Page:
Granulocyte/monocyte apheresis effective in refractory ulcerative colitis

Reuters Health Information: Granulocyte/monocyte apheresis effective in refractory ulcerative colitis

Granulocyte/monocyte apheresis effective in refractory ulcerative colitis

Last Updated: 2016-02-12

By Will Boggs MD

NEW YORK (Reuters Health) - Granulocyte/monocyte apheresis (GMA) using the Adacolumn provides steroid-free remission in some patients with steroid-dependent ulcerative colitis (UC) refractory to other treatments, according to interim results from the ART trial.

The efficacy of GMA has been demonstrated in several earlier studies, and registry data support its effectiveness in providing long-term steroid-free clinical remission in up to one-third of steroid-dependent UC patients.

Dr. Axel Dignass from Markus-Krankenhaus in Frankfurt am Main, Germany, and colleagues in the U.K., France, and Germany are evaluating the effectiveness and safety of Adacolumn GMA in a 96-week, single-arm, open-label study of patients with moderate-to-severe UC who had an inadequate response to, lost response to, or were intolerant to immunosuppressants and/or a biologic therapy.

Their report, online January 27 in the Journal of Crohn's and Colitis, includes interim results from 72 patients (of the original 86 enrolled) who completed week 12.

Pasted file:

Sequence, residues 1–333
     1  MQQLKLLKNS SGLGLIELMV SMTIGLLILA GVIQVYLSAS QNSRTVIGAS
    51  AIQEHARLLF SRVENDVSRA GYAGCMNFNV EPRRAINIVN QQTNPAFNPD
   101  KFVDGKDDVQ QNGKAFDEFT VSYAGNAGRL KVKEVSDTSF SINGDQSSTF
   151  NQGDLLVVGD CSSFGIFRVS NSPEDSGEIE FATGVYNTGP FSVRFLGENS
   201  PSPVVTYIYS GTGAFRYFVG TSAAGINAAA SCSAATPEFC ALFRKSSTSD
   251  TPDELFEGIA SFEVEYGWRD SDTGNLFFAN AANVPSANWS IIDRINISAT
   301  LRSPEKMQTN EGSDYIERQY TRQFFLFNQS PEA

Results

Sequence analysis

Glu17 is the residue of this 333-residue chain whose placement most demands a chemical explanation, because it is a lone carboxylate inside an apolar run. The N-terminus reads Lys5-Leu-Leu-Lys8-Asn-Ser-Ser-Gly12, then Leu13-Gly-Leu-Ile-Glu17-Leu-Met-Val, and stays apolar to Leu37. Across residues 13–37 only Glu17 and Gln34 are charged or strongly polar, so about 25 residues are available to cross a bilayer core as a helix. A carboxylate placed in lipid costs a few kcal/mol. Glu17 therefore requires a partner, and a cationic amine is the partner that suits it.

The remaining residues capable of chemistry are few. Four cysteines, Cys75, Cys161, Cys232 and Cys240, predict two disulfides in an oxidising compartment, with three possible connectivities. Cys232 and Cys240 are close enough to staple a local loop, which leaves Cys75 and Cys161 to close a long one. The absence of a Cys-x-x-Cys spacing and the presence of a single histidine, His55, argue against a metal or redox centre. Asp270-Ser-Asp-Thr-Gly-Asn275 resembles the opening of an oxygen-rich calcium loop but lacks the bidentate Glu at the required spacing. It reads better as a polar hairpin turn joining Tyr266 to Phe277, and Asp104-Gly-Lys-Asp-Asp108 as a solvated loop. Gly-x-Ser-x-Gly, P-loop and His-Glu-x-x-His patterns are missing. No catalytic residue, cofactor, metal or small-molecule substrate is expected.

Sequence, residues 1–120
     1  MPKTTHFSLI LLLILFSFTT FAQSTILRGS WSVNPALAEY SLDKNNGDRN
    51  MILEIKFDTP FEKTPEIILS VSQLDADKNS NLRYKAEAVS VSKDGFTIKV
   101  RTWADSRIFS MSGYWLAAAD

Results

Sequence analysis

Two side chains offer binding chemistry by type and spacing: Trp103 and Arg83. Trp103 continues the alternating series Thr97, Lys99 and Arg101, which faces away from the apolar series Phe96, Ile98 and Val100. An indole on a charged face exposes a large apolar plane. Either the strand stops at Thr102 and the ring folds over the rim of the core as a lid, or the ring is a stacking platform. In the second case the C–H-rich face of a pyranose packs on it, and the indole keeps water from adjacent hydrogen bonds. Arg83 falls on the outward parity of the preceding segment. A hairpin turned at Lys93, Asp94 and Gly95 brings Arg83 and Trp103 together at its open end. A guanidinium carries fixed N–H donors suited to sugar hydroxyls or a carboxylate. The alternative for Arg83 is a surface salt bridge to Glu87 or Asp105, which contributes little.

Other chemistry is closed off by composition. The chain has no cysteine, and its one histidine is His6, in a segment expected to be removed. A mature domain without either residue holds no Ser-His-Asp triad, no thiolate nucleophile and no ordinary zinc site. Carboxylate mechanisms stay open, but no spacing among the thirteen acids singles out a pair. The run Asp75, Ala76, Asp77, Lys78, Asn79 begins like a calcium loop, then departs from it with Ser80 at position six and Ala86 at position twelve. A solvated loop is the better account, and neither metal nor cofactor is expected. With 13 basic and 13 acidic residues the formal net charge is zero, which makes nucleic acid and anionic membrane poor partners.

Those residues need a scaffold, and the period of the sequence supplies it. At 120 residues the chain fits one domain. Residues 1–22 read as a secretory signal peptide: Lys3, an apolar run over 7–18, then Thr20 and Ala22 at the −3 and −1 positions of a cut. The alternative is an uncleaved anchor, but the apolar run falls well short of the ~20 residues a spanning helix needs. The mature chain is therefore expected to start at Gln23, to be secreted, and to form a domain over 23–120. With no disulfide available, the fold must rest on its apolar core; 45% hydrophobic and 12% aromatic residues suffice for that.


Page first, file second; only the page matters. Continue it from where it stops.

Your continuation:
After treatment, 39.3% of the intent-to-treat (ITT) population and 37.5% of the per-protocol (PP) population achieved remission at week 12 (the primary endpoint), including 40.3% of patients who previously failed on immunosuppressants, 27.8% of patients who failed on anti-TNF treatment, and 30.0% of patients who failed on both immunosuppressants and anti-TNF treatment.

More than half of the patients achieved some measure of clinical response, with median times of 43 days to remission and 24 days to clinical response.

Nearly a quarter of patients (22.6%) in the ITT population achieved steroid-free remission, and all four measures of quality of life improved.

There were no deaths and none of the serious adverse events were attributed to study treatment.

Dr. Satoru Kakizaki from Gunma University's Graduate School of Medicine in Gunma, Japan, who was involved in a different study of UC patients who had GMA, told Reuters Health by email, "It is difficult to conduct a randomized trial for active, steroid-dependent ulcerative colitis patients with previous failure to immunosuppressant and/or biologic treatment. Although this study is single arm, this study is a large-scale, multi-center, and world-wide trial. This study showed that Adacolumn provided significant clinical benefit in a large cohort, with a favorable safety profile."

"Active, steroid-dependent ulcerative colitis patients with previous failure to immunosuppressant and/or biologic treatment are good (candidates) for Adacolumn," he concluded.

Otsuka Pharmaceuticals Ltd. funded the study and had various relationships with seven of the 12 authors of the report. The company also paid for preparation of the manuscript.

Dr. Dignass did not respond to a request for comments.

SOURCE: bit.ly/1oa8YLQ

J Crohns Colitis 2016.

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